To calculate micronutrient adequacy among infants based on the Institute of Medicineâs recommendation and to determine the contribution of supplements to this adequacy.
A convenience sample of 254 infants aged 0-Â¬24 m from a WIC clinic in Puerto Rico was used in this study. Micronutrient intake was calculated from foods and supplements using two non-Â¬consecutive 24Â¬-hour recalls and compared between users and nonÂ¬-users of supplements using Studentâs t-Â¬test. Percentage adequacy was estimated by age group and type of feeding (breastfeeding, formula feeding, or combined).
A total of14.6% used dietary supplements. Micronutrient intake from foods was adequate in all infants, except for vitamin D. From foods only, % adequacy was higher for retinol and vitamin C in users (p<0.05) while it was higher for vitamin K in non-users (p<0.05). When supplements were taken into account, % adequacy of most micronutrients was lower in non-users compared with users of supplements (p<0.05). Adequate vitamin D intake was only achieved with supplements. Several nutrients were consumed above 300% adequacy from foods only, and this increased when supplements were taken into account. When evaluated by feeding type, vitamin D was below the recommendation in breastfed as well as formula fed infants; vitamin E was below only in breastfed infants; however, when supplements were taken into account, all groups achieved the recommendation.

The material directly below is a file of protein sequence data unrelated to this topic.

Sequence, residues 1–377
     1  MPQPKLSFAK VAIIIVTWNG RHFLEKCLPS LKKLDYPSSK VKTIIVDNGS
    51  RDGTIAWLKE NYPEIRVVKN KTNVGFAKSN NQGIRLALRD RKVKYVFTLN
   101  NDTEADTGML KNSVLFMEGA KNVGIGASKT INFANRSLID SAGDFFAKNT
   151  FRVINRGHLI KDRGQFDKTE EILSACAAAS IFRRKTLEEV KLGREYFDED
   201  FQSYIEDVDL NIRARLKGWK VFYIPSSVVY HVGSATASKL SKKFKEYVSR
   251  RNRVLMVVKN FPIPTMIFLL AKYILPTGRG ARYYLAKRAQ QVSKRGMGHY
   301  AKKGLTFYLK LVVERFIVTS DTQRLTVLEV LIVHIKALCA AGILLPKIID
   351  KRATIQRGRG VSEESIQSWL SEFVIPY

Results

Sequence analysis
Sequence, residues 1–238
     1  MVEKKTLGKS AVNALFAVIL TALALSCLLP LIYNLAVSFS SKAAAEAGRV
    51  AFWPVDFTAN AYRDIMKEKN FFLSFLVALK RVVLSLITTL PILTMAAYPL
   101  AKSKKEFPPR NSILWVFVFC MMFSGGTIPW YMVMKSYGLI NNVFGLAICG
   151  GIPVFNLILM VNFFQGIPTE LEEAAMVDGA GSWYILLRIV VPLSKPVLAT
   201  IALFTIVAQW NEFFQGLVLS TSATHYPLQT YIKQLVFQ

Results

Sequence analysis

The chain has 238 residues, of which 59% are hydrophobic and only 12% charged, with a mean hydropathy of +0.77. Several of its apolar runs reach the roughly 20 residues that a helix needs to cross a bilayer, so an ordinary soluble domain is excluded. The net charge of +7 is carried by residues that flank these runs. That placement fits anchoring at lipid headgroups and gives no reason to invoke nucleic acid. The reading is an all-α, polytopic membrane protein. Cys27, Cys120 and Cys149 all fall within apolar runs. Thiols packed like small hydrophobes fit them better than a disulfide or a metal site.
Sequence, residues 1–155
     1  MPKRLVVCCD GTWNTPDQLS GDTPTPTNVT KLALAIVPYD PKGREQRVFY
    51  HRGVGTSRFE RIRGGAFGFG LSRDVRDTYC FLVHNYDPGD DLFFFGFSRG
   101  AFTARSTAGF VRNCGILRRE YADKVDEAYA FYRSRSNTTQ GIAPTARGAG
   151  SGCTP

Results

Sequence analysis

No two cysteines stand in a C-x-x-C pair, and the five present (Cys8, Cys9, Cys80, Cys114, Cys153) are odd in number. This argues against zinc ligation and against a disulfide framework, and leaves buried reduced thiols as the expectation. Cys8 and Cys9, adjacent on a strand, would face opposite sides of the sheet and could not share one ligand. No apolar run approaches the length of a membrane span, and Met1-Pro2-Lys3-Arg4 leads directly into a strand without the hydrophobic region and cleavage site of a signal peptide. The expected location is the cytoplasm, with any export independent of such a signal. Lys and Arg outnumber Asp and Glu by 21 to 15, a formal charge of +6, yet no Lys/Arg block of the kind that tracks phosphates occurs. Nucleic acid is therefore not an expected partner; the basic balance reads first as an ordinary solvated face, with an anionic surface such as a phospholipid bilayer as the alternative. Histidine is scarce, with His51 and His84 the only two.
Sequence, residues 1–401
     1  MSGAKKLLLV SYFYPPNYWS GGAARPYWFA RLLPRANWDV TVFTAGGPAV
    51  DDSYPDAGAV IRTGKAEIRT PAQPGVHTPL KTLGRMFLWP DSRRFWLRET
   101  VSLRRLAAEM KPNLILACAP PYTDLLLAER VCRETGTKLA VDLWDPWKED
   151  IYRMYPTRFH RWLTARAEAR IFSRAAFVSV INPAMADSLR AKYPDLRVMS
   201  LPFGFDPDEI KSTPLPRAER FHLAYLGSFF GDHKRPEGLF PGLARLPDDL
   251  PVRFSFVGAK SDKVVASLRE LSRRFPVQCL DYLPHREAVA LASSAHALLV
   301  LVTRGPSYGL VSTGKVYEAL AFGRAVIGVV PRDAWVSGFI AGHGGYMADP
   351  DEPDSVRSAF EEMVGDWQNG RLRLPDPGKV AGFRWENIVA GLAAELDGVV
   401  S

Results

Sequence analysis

Supplements helped achieve nutrient intake adequacy, particularly for vitamin D and E. Certain micronutrients were consumed in very high amounts, particularly among supplement users. It is important to understand these patterns, as it may be indicative of future nutritional deficiencies and excesses.